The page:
so, the conclusion of my sleeve saga: don't get caught up in chasing the mythological sleeve. its not worth it and you'll end up trying to prove something to yourself, which is, in the end, pointless. just make a sleeve that works and move on with your damn life! my final sleeve? meh. i'm not in love, but it looks okay to me.
for this muslin i worked with the sleeve ease and shorter shoulder seam and found that it resulted in a very comfy sleeve (armhole looks weird here because i pressed it weird - promise). i almost started going down the rabbit-hole of fitting (over-fitting?) only to stop myself. i decided i liked the look of this jacket. it may not be the most "correct" fit in the world, but it fit the way i wanted it to and so i decided to focus my attention on drafting the draped front that i wanted. this was really the fun part. to do this i just cut a few triangles and pinned them together until i got the sort of shape that i had in mind. its certainly not an earth-shattering design, but it was fun to figure out.
a whole mess of discarded patterns and one dorky kitty
at this point i made all the final changes to my paper patterns and wrote out some instructions for myself to i could walk myself through the construction in my head.
then i cut out the leather.....
yes that is a brick up there on the right. it is my most favorite of pattern weights...
as i mentioned, this was my first time working with leather. i blame it all on amy from cloth habit for casually mentioning that she was going to be making this fabulous coat with leather trim. before this - i had never even dreamed of sewing with leather. but because of her the idea impregnated itself in my brain, and - after the usual gestation period - i now have a leather jacket baby!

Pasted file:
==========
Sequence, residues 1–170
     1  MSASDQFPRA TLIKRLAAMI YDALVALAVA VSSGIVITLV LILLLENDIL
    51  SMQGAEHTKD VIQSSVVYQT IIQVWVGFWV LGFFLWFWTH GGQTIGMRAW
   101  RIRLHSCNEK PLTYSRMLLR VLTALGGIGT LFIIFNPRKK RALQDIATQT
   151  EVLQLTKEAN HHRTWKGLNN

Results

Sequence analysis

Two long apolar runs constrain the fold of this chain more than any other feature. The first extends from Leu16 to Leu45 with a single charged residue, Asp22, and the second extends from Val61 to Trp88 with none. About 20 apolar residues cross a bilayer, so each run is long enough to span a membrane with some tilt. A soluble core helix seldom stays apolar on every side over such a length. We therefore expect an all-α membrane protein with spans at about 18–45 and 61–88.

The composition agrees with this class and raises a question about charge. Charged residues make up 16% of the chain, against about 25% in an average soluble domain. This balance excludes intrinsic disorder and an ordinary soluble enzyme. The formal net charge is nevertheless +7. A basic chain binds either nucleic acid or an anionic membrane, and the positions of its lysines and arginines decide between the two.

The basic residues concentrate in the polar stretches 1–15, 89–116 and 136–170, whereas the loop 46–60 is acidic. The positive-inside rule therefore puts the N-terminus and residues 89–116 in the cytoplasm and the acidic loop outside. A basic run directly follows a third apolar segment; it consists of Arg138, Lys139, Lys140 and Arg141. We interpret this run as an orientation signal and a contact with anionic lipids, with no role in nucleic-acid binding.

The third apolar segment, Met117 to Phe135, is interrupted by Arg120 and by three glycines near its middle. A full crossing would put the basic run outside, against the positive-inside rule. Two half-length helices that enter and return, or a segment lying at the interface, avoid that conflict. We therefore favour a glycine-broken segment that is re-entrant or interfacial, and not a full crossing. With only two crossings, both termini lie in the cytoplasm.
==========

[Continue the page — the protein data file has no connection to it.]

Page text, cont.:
here's some of my thoughts on working with leather - in no particular order:
- this stuff is awesome!
- really, a dream to work with!!
- imagonna make everything out of leeaaathhhherrrrrrrr!!!!!
i traced my pattern pieces onto the leather hides (it took 4 hides to make my jacket) i followed this advice, once again from fashion incubator, on how to lay out your pattern pieces. then i just cut the pieces with my rotary cutter. no weird shifting, no fraying... easy peasy lemon squeezy.
i did a few tests with some scraps, figuring out needles and stitch length and top stitching. since the leather i was working with was pretty thin and drapey my regular universal needles worked okay, but the leather needle made a cleaner hole and i think it handled thicker layers better.
i had read in a bunch of places on ye olde worlde wide webb that a teflon foot was recommended for sewing leather. i didn't have one and didn't feel like buying one so i used my even feed walking foot. worked like a charm.
the same world wide web told me that pinning leather was not advisable since it will leave permanent holes in the leather. a few sites suggested to clip the leather pieces together with bulldog (binder) clips instead. i tried this but found that the clip would get caught on the edge of my throat plate on my sewing machine and yank the leather as it was being fed through. so instead i decided to just use plain old masking tape and taped my seams together. also (shhh) i used pins. yeah. i did. freaking rebel over here. i just made sure to pin in the seam allowance.
pressing seams was another switch up from your standard fabric sewing. i didn't even try to iron the leather, i just assumed it wouldn't work. so i bought this little ink roller (brayer) and rolled it over the seams to flatten them a few times, then used a thin layer of rubber cement to tack my seam allowances down. fun!
some other firsts for me on this project - working with rayon bemberg (ambience stuff) and bagging a jacket lining (had to modify this a bit since i left the front edge of the jacket unfinished because leather doesn't fray!!!).
really, the whole thing came together quite quickly and without any drama. maybe its because i essentially sewed the jacket 3 times before i set to work with the leather, or maybe it was just an easy pattern. but whatever. i finished the jacket last night (at the same time i finished listening to deathly hallows for the 455th time... me and harry potter, we're so in sync!) and i really like it!
i'll post pictures this week - scouts honor!